Tristan Bates Theatre
Kurt Cobain's much-mythologised exclamation "It's better to burn out than fade away" is chalked on the back wall of Benny's flat. This accomplished new play falls somewhere between the two.
Dominic Mitchell's prize-winning new piece follows four staggeringly solipsistic friends who made a youthful pact that if they weren't successful in their chosen artistic fields, they would kill themselves at midnight on their thirtieth birthdays. It is wide-eyed wannabe rocker Benny's (Sam Donovan) birthday, and his behatted Shoreditch artist friend Max (Philip Brodie) has shown up to film his final moments for posterity - or profit.
The production delivers some good black humour in the scenes with Benny and Max, including an excellent scene in which Benny rejects all the tools for suicide that Max has brought, with more and more feeble excuses ("But I'd have to get my hair wet!" on being handed a straight razor), and the two actors have good chemistry. Donovan brings enough naïve likeability and genuine despair to his performance that there is a real build up of tension as he gets closer to midnight.
Laura Murray is great as Karen, striding around the stage wearing scarlet heels and a brittle, sarcastic perma-smile. However, the exchanges Karen has with ex-lover Frank (George Turvey) on the moralities surrounding the reality TV industry in which she now works are somewhat uneven in tone, and in their conclusions. The topical references to Jade Goody's recent death do give the production a sense of immediacy and presence, which is underscored by director Matt Robert's use of live video media.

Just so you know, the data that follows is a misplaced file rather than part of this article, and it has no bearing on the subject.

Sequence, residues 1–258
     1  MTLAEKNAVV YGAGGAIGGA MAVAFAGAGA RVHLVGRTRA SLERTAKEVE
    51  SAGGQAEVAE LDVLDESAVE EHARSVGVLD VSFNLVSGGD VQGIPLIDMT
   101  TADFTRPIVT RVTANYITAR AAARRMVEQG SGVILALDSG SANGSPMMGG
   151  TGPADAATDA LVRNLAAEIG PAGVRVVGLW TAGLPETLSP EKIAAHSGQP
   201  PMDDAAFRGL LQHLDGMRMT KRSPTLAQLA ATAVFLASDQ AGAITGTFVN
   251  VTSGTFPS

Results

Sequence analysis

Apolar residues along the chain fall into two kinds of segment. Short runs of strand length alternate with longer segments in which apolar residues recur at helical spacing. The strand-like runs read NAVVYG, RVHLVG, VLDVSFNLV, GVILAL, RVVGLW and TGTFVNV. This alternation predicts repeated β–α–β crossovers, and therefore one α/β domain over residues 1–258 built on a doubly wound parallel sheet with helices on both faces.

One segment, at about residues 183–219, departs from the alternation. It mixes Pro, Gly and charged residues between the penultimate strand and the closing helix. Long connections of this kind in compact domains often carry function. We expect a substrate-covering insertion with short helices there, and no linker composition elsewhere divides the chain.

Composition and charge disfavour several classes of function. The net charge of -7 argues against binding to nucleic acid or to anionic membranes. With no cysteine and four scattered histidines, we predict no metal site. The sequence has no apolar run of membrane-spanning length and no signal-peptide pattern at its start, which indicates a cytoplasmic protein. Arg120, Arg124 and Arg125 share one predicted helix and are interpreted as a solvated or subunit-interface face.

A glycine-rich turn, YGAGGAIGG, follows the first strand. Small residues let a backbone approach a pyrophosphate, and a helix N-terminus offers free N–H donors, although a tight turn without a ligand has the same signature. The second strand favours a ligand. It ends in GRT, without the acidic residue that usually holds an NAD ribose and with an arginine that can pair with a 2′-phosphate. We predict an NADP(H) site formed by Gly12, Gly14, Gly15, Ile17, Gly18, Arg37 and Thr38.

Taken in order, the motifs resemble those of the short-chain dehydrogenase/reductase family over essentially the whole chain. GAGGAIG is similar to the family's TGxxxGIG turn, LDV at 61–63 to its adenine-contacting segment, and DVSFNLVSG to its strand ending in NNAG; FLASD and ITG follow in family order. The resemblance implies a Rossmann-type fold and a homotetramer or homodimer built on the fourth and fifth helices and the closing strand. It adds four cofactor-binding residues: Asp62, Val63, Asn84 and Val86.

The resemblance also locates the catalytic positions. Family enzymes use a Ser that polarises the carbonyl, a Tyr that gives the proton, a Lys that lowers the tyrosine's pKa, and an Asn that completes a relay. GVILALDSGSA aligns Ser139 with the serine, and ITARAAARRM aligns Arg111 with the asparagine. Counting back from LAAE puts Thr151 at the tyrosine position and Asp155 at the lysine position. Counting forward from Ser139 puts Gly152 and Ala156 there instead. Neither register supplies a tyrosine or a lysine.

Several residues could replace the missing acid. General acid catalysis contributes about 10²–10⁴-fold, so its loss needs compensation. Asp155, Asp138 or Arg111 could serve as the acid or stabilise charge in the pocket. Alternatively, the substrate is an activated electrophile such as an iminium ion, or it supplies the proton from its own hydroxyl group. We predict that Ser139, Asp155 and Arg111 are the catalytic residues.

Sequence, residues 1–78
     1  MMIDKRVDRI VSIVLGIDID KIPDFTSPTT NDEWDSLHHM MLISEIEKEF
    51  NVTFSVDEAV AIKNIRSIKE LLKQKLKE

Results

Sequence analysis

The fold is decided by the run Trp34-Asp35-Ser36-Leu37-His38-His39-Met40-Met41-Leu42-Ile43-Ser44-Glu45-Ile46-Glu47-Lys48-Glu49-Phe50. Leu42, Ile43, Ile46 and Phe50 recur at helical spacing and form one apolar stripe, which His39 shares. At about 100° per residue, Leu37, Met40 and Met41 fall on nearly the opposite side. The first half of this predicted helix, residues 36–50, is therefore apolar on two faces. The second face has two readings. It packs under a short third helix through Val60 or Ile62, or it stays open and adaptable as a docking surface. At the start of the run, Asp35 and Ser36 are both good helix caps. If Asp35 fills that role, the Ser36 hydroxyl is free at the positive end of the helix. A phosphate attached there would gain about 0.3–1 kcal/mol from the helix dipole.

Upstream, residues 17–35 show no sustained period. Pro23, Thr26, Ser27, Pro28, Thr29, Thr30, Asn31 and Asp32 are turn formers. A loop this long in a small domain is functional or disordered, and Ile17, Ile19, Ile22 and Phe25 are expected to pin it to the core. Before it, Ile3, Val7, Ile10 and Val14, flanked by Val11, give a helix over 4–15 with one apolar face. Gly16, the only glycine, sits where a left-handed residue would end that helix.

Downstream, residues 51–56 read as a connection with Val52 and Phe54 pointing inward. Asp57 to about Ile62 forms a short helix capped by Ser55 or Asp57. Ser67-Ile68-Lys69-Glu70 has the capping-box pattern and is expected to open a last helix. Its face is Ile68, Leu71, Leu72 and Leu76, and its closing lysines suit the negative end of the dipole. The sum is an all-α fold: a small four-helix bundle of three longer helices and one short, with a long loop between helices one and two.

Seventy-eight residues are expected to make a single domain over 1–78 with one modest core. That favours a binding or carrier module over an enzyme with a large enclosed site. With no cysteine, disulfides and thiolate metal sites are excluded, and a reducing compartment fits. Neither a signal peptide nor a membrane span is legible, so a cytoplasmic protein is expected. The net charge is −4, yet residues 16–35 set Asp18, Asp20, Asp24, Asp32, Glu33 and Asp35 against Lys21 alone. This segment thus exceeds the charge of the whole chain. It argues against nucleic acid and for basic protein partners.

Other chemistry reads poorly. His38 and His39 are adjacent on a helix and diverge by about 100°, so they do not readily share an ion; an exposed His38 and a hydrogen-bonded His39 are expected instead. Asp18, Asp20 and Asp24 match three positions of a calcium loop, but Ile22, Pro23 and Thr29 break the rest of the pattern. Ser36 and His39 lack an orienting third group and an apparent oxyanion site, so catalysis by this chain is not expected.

This use of the live video feed on the flat screen TV on the back wall of the set allows the audience to see the actors' full expressions, even when they are in profile. This voyeuristic conceit brings into focus the idea that nothing is real or important unless people are watching. Though effective, it is at some times distracting, as the eye is drawn to the close-up of the face on screen, and away from any other action onstage.
The intimate studio space works well as the set of Benny's small flat, with its peeling kitchen cupboards and Sylvia Plath poem daubed ostentatiously on the wall, and the size of the theatre allows the cast a degree of naturalism which sits well with the documentary video approach.
Mitchell's characters are well observed and engage the audience, but the pace is uneven, rushing towards a hurried conclusion after a measured build up. Though topical and darkly comic, this well-executed production is too ambiguous in its conclusions to display any coruscating new insight into a celebrity-obsessed society. Potentials is full of promise, but in the end, is cut off too abruptly to realise it.
Until 23rd May
Reviewer: Beth O'Brien